Coffee News: from Seed to Cup

What Roasters Need to Know About Decaf Coffee

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Roasters, don’t make the mistake of thinking you can use the same roast profile for decaf and regular coffee. Decaffeination affects the composition of your beans – and in turn, this affects how heat is transferred along the beans’ cells. If you want to get the best out of your decaf beans, and really allow their origin to shine through, you’re going to have to create a unique roast profile.

So how should you adapt your roast profiles for a great-tasting decaf coffee? Aaron Braun, Coffee Quality Specialist at Swiss Water Decaffeinated Coffee Company, agreed to share his advice with me. Here’s what I learned.

Spanish Version: Tostadores: Lo Que Deben Saber Sobre el Café Descafeinado

swiss waterGreen coffee beans on their way to be decaffeinated. Credit: Swiss Water Decaffeinated Coffee Company

Decaf Coffee: How Different Is It?

Aaron explains that the aim of the Swiss Water Process is to remove just the caffeine from the beans – without adding any specific processing taste. However, even just removing the caffeine will affect the structure of the beans. Let’s take a look at those differences.

The first thing you should be aware of is the colour difference. The decaffeination process will alter the appearance of the coffee; in the case of Swiss Water, the beans will be uniform in colour but a few shades darker than regular green coffee. “That exterior visual appearance needs to be taken into consideration,” Aaron emphasises. “Coffee might look visibly more developed than it actually is, so you need to pay special attention to the temperature of the roast.”

Another important point is the bean’s weight: decaffeinated coffee is lighter and less dense because the caffeine compounds have been removed. In turn, this affects how the coffee responds to heat.

SEE ALSO: Roaster Basics: How to Roast Hard & Soft Beans

That being said, decaf coffee is still coffee. Say you have a decaf Ethiopian Yirgacheffe: the biggest determiners of the roast profile are still going to be that origin, the altitude, the flavour profile, the variety, and so on.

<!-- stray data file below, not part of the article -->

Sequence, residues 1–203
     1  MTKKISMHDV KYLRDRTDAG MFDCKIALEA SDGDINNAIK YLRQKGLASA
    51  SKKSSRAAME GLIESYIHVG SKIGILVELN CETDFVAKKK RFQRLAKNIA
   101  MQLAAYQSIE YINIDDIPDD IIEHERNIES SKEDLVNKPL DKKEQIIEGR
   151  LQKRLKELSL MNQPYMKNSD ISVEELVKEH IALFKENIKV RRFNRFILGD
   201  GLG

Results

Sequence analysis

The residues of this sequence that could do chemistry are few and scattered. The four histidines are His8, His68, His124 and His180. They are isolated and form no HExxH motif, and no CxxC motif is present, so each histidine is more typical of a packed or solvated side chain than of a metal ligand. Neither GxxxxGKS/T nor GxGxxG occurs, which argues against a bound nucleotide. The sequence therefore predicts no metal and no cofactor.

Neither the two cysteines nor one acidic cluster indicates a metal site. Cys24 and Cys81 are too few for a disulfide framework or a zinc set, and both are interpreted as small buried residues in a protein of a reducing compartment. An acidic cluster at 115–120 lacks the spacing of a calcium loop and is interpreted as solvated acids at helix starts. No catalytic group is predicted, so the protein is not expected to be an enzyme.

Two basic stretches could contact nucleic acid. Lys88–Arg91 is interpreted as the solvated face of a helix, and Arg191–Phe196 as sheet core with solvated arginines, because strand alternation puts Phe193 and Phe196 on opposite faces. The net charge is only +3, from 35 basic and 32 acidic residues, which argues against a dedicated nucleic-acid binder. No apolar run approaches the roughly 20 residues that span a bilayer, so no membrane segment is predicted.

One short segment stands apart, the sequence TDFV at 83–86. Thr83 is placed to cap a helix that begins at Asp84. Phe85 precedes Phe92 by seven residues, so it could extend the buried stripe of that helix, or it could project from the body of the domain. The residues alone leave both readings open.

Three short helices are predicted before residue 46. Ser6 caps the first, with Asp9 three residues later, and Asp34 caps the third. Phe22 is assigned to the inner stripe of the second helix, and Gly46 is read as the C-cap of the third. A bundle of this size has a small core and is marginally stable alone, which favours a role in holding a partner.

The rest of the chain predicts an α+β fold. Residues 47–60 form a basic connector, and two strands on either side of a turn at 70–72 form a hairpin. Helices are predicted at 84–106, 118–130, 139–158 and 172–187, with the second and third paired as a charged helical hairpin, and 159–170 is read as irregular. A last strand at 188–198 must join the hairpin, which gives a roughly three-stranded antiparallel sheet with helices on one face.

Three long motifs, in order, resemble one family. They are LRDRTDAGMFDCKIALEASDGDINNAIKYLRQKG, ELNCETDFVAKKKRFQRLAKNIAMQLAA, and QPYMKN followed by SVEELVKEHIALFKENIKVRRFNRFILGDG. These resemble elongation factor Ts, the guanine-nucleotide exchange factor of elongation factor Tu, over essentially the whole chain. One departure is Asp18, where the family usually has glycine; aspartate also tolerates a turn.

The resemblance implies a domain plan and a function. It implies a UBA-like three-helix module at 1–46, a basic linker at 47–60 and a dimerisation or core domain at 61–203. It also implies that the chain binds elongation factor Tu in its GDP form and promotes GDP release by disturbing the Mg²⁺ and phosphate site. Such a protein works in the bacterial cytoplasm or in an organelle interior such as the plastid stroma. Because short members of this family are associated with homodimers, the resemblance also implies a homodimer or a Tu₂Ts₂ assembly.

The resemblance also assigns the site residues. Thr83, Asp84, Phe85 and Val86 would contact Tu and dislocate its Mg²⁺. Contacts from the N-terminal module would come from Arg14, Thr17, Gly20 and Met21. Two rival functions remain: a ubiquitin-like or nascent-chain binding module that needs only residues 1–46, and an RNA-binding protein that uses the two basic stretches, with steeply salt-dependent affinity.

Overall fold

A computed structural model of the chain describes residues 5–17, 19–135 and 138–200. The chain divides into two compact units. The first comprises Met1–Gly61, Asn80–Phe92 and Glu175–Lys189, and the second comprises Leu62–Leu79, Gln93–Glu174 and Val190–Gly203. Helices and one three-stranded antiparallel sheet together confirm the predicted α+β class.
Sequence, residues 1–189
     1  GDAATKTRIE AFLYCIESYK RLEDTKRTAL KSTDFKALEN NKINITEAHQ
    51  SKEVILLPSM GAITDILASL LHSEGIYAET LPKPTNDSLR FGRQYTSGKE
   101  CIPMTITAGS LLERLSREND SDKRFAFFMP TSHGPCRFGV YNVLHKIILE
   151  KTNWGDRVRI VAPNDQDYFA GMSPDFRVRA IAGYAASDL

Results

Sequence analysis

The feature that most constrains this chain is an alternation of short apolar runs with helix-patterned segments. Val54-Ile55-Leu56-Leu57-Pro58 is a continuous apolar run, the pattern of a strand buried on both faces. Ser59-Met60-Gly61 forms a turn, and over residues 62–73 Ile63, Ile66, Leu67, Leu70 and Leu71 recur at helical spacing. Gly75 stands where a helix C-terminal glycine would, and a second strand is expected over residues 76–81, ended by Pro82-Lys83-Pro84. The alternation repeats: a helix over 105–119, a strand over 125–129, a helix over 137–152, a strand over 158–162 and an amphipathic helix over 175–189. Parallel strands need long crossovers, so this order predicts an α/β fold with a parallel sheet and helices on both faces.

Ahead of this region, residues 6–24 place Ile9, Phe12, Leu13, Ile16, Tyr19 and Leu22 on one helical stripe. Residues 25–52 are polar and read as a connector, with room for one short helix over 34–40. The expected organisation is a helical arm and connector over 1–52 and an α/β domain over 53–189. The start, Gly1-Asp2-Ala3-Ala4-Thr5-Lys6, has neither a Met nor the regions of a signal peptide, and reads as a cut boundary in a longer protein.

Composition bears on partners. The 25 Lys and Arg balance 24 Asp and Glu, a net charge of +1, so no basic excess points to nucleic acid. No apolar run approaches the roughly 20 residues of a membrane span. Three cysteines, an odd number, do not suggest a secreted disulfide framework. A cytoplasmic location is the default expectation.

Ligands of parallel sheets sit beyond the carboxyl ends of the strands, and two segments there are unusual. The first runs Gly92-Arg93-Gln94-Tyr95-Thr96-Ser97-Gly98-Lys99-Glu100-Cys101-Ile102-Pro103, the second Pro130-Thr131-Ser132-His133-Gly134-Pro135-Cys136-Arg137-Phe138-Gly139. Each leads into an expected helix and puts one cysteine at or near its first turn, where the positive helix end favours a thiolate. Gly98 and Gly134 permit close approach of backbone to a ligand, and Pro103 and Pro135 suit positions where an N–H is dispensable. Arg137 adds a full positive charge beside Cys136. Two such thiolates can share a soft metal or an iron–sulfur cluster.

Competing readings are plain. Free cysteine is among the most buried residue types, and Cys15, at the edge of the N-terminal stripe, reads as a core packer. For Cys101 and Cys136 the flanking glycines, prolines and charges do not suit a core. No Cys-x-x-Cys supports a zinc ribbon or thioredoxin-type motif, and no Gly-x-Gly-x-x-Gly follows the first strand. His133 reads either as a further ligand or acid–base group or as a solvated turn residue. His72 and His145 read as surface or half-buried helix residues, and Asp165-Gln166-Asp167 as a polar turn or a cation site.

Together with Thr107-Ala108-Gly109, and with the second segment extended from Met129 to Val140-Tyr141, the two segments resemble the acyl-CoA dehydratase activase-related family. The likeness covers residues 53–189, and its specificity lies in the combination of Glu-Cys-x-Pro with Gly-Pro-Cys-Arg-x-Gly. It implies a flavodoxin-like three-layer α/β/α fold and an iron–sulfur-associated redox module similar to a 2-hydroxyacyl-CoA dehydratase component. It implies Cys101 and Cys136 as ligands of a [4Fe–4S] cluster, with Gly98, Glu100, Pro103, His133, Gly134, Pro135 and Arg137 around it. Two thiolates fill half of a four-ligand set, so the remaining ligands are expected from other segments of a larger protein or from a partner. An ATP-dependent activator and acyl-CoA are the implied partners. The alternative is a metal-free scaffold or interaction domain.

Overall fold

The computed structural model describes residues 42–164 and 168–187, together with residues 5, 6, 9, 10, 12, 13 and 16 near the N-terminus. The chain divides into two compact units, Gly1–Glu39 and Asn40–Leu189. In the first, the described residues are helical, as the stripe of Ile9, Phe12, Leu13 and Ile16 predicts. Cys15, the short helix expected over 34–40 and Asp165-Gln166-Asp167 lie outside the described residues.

What we’re about to suggest is just a few tweaks to your roasting process – the kind of tweaks that will make sure you really do get the best out of those exquisite green beans.

swiss waterDecaffeinated beans are slightly darker than regular beans. Credit: Swiss Water Decaffeinated Coffee Company

Charge Temperature

Roasting always comes down to heat. And with decaf, you want to be that little bit gentler with it. Keep the charge temperature – the heat of your drum just before you add the coffee – lower. Your decaf beans have less weight and their cell structure has been slightly degraded. This means you want to avoid heating them too quickly.

SEE ALSO: Millennials Turn to Decaf: What Does This Mean for Café Owners?

Aaron wouldn’t give me a guide to the exact temperature (after all, no two coffees are the same). However, he tells me that when they sample roast their decaffeinated coffees at the Swiss Water facilities, they use a charge temperature of 375–400ºF/190.5–204.5ºC.

swiss waterRoasted beans ready for analysis. Credit: Swiss Water Decaffeinated Coffee Company

First & Second Crack

Be careful not to roast your coffee for too long, or too short, a time. First crack should occur at roughly the same time for both decaf and regular beans. However, the roast is likely to progress faster after first crack when it’s decaf in the drum. This is because of the degraded cells and lighter weight. You might be surprised by how quickly second crack comes around.

On the other hand, remember that the beans will be darker than regular ones. Don’t let that fool you into stopping early. Roasting decaf coffees is a delicate balance: you need to pay attention to the development of those delicious coffee aromas, your drum temperature, and more.

swiss waterRegular and decaffeinated beans from the same coffee, ready for testing. Credit: Swiss Water Decaffeinated Coffee Company

Final Quality Control

Just like with regular coffee, you’ll want to cup your beans after roasting them. But Aaron also recommends paying close attention to the ground colour consistency. Since the bean surface colour is darker, it’s even more important to check the internal colour.

Not sure how dark your coffee should be? There isn’t a “right” answer (after all, roast levels are a matter of preference). However, when sample roasting, the coffee experts at Swiss Water aim for number 63 on the Agtron scale.

swiss water coffeeChecking the colour consistency of ground decaf coffee. Credit: Swiss Water Decaffeinated Coffee Company

There is no one rule for roasting every coffee, Aaron says, and similarly there is no one rule for roasting every decaf coffee. Be a little gentler with the heat and don’t trust the external bean colour – but remember that, ultimately, you’re not just roasting decaf coffee. You’re roasting a Colombian Bourbon-Caturra blend, a Zambia Mafinga Hills, or a Sumatra Mandheling. There is so much more to a coffee than whether or not it has been decaffeinated.

Written by Angie Molina.

Please note: This article has been sponsored by Swiss Water Decaffeinated Coffee Company.  

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